The employee filed suit under the ADA and the Minnesota Human Rights Act and, ultimately, the district court granted the city’s motion for summary judgment. The employee appealed.
Remote work not reasonable or required. Although the employee contended that his employer failed to offer a reasonable accommodation and that he should have been returned to his original position, the appeals court was unpersuaded. It noted that the employee failed to return to work prior to the expiration of his FMLA leave and that there was no medical reason why he had to be returned to his old position rather than to the new one—both were “sedentary desk jobs.”
The court declined to follow EEOC Enforcement Guidance upon which the employee sought to rely for the argument that the employer was required to hold open his original position—noting that the document was not binding authority.
Moreover, the employee’s own testimony counted against him with regard to the accommodation of working from home. The employee had testified that it “would have been easier” to work from home, but that was a statement of preference. His medical restrictions did not indicate that he had to work from home, and his explanation for why—that he needed to be able to lie down because of episodic pain—came too late. He never informed the city of the need to do so until after he was fired.
The employee also failed to make a facial showing that he could have performed the job’s essential functions remotely. To the contrary, he admitted there were some functions he could not perform remotely and that in order to do the work remotely, other employees would have to do tasks for him. Further, he would be needed to cover for other staff, because of the small size of the organization, and to interact with the public.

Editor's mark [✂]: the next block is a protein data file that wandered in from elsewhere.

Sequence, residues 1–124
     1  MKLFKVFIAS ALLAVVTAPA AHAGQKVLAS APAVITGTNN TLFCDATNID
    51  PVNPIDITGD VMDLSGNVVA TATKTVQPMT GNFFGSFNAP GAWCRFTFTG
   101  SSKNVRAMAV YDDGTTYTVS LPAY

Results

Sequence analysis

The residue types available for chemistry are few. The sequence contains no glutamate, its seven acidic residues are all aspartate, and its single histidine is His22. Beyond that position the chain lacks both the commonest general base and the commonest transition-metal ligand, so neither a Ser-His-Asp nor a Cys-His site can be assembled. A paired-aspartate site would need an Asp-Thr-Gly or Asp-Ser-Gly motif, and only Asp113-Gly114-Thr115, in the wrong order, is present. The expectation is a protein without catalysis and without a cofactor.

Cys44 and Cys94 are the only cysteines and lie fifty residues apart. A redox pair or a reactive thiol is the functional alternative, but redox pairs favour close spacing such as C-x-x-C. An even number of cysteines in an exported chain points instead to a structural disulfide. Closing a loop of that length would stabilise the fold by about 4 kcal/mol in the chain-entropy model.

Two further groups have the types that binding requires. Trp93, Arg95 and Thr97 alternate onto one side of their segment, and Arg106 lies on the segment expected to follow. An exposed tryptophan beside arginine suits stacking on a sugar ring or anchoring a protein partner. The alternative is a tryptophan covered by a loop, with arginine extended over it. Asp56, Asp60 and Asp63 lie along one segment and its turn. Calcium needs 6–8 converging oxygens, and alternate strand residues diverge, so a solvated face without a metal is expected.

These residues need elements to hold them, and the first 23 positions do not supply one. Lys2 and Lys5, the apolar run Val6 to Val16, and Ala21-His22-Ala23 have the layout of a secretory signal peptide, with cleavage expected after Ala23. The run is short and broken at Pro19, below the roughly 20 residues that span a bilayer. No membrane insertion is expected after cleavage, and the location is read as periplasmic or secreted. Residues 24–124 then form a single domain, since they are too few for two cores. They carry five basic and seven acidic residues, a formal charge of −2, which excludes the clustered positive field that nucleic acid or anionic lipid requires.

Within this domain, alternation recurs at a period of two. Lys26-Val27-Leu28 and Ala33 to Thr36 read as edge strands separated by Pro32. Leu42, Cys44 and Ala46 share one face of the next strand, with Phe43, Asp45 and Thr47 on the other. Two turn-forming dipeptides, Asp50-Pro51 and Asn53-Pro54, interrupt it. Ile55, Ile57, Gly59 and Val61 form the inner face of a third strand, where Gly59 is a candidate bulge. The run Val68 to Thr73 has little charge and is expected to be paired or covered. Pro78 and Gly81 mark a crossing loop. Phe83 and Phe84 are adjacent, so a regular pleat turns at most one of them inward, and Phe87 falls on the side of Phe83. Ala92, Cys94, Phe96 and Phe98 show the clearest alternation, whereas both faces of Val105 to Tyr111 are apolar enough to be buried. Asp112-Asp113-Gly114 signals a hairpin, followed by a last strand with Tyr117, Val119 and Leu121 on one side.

Months of negotiation. Plus, the employee failed to present evidence showing that his position was eliminated because of his disability or that he was fired because of it. He was no longer entitled to come back to his position under the FMLA and it was permissible for the employer to offer reassignment to a position with lower pay because a position comparable to his old one was not available. And the employer fired the employee for refusing to return to work after months of negotiation, the court explained. Those negotiations also led the district court to correctly determine that no reasonable juror could conclude that the employer had failed to participate in good faith in the interactive process.
Retaliation claim. Finally, the retaliation claim was unsupported by any showing of causal connection. The employer continued to work with the employee even after he complained of discrimination and did not fire him until after he rejected proposed accommodations and repeatedly failed to return to work.